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Strib to pay $300,000+ in ‘male room’ sex harassment case

The paper will settle an Equal Employment Opportunities Commission complaint; the feds brought suit in September.
By David Brauer

The paper will settle an Equal Employment Opportunities Commission complaint; the feds brought suit in September. From AP:

The EEOC alleges the company allowed a hostile work environment to form for some of its female mailroom employees. The alleged harassment included propositions for sex, sexual comments and suggestive conduct.

If the court approves the settlement, the Star Tribune will pay between $305,000 and $325,000, depending on the number of women who step forward.

I wrote about this when the suit was filed. At the time, EEOC lawyer Laurie Vasichek said the class could consist of as few as two and as many as 75 women. (Two women initially stepped forward.)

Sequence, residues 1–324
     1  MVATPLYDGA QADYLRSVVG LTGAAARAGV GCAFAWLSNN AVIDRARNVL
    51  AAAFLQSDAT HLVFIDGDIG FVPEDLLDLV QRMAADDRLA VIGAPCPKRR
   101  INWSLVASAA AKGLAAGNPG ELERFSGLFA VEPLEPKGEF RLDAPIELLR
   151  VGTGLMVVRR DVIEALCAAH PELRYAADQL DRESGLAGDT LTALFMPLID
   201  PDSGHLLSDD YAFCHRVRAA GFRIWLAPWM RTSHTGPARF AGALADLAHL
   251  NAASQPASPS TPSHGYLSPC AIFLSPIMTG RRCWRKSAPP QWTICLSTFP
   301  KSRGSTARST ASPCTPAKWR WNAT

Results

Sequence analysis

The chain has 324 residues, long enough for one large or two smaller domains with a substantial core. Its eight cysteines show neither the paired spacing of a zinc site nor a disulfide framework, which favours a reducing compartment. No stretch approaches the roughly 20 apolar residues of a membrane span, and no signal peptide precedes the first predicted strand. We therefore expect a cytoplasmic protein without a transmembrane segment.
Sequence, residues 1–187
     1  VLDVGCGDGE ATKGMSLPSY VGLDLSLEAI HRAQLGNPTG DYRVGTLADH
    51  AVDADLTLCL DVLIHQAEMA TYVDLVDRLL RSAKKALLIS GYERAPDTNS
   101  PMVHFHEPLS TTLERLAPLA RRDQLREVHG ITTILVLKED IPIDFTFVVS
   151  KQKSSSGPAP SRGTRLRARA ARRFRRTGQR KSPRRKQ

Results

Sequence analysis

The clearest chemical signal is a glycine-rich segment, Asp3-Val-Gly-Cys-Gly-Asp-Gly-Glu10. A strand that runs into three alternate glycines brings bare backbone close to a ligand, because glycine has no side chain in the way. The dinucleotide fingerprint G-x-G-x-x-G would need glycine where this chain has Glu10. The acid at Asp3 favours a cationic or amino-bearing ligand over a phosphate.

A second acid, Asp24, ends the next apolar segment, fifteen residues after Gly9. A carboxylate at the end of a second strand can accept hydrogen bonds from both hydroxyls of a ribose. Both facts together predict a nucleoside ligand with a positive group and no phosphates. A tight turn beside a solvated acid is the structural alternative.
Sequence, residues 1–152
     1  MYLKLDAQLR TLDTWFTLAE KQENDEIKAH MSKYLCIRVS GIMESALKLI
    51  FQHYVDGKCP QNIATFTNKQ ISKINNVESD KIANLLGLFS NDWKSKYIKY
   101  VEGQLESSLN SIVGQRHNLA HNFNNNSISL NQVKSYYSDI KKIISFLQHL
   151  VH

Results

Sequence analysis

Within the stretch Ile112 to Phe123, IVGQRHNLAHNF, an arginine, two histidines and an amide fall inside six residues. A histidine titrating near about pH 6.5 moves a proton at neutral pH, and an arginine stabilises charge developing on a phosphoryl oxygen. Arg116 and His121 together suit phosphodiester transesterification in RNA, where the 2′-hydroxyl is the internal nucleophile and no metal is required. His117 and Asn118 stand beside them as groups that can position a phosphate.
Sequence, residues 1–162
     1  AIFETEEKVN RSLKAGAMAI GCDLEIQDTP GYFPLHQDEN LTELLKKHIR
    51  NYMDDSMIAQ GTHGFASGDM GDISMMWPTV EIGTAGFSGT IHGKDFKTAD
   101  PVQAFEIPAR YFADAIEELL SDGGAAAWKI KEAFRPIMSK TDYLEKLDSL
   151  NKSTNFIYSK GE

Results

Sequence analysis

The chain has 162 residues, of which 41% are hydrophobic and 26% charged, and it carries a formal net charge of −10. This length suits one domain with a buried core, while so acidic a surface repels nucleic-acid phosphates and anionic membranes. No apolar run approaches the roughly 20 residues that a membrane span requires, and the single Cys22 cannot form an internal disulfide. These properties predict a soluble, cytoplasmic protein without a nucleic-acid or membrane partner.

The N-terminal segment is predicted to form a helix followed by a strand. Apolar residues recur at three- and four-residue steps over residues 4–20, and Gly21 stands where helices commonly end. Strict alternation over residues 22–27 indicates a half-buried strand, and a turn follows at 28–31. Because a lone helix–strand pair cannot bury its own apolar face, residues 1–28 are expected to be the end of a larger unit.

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The harassment, which had been going on since August 2005, did not include physical contact. (Complaint here.)

Despite the seriousness of the case — the EEOC sues only about 400 times a year, out of more than 75,000 cases filed — Vasichek said the paper had been “very good to work with.” The Strib pledged in September to remedy the problem and such steps are part of the deal.

Of course, the Strib has better ways to spend $300,000 plus legal fees at a time like this.

Update: In the paper’s own pages, a Strib spokesman says they setted only to avoid higher legal bills:

In a statement issued today, Ben Taylor, Star Tribune senior vice president of Marketing and Communication, said the newspaper continues to disagree with the EEOC’s allegations “and believes it would eventually prevail if the case were litigated.”

However, Taylor said, “A settlement at this early stage allows the Star Tribune to avoid the expense, time commitment, disruption, and uncertainty of litigating a case that would likely last for years and cost more to defend than the settlement.”

… According to the settlement, the EEOC will maintain oversight of the Star Tribune’s compliance during the two-year term of the consent decree.

For those of you thinking about legal costs Strib owner Avista Capital Partners incurred for luring away publisher Par Ridder from the PiPress, fairness compells me to note the harassment started before Avista took over in early 2007, though they apparently didn’t fix the issue.